Since many planners generally prefer that their clients don’t mess with buying and selling stocks on their own, my first recommendation may surprise you. However, You Have More Than You Think: The Foolish Guide to Personal Finance, by David and Tom Gardner of The Motley Fool fame (Fireside Books, 2001), is an excellent place to start for those who are ignorant of, or intimidated by, their financial situation.
While the Fool’s well-known “do-it-yourself” mantra has grated on the nerves of many financial professionals, much of the information herein is sound. The Gardners take complex financial concepts, break them into bite-sized pieces, and then feed the reader with those pieces in a non-threatening and highly amusing fashion. And since you, the planner, will be recommending the book to your client, you can have a few words to say about the section on how to do it all yourself.
The idea here is to help a client understand the process and learn to feel comfortable with the concepts of stocks, mutual funds, and the need to balance a checkbook. This book can accomplish all of these goals without boring your client to the point of abandoning the process
The book has a great deal to say about basic money wisdom, such as being wary of carrying balances on high-interest-rate credit cards, spending too much on unnecessary junk (or even on necessary items), and understanding the importance of investing versus saving. For someone who has put off understanding her money because she finds it threatening, boring, or incomprehensible, this is a painless and informative introduction to the basics.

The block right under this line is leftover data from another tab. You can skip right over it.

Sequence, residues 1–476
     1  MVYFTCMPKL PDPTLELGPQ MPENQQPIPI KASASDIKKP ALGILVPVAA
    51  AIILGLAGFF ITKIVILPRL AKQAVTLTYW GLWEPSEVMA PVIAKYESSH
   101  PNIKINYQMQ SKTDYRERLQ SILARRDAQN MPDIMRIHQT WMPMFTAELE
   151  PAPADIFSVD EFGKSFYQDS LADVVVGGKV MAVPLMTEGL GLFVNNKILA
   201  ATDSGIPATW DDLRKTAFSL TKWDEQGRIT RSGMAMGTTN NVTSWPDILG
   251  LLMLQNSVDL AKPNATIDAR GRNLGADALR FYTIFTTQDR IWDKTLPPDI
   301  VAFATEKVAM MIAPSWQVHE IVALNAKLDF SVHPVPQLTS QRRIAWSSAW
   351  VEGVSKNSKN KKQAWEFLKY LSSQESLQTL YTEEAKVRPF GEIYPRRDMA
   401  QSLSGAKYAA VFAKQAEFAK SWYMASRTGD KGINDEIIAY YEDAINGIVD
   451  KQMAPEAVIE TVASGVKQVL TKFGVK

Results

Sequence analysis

Another excellent book that will help young women who “don’t know where the money goes” is financial writer Deborah Knuckey’s Ms.Spent Money Guide: Get More of What You Want With What You Earn (John Wiley & Sons, 2001). Knuckey deals forthrightly with the problem of what she calls “unconscious spending”–a common symptom of far too many people today, not just young women flashing credit cards.
With advice on how to recognize whether a purchase is a necessity or just an impulse buy, and how to determine if a prospective investment is wise or just a waste of money, Knuckey addresses the lures of marketing that encourage young people to buy the newest, fanciest, or fastest of whatever is being advertised. She also points out the need to save for the future and to put aside money to fund one’s dreams.
Knuckey uses a pyramid approach not unlike the food pyramid, dividing her “Conscious Spending Model” into seven categories: Security (the foundation of the pyramid), Shelter, Sustenance, Self and Family, Social, Society, and Soul. The reader is asked to consider all her expenses and categorize them according to the divisions of the pyramid, considering as she does so whether she is getting enough satisfaction out of them to justify the money she’s putting into them. If not, Knuckey suggests a number of strategies for shifting, eliminating, or even increasing expenses in order to balance the categories and make the money spent cost-effective. In the course of this self-discovery exercise, she says, people will often be surprised to find that money disappears in directions they had never expected–hence “unconscious” spending. It’s much easier to plug financial leaks once they’ve been identified, and Knuckey points out a number of ways in which to do just that without feeling deprived.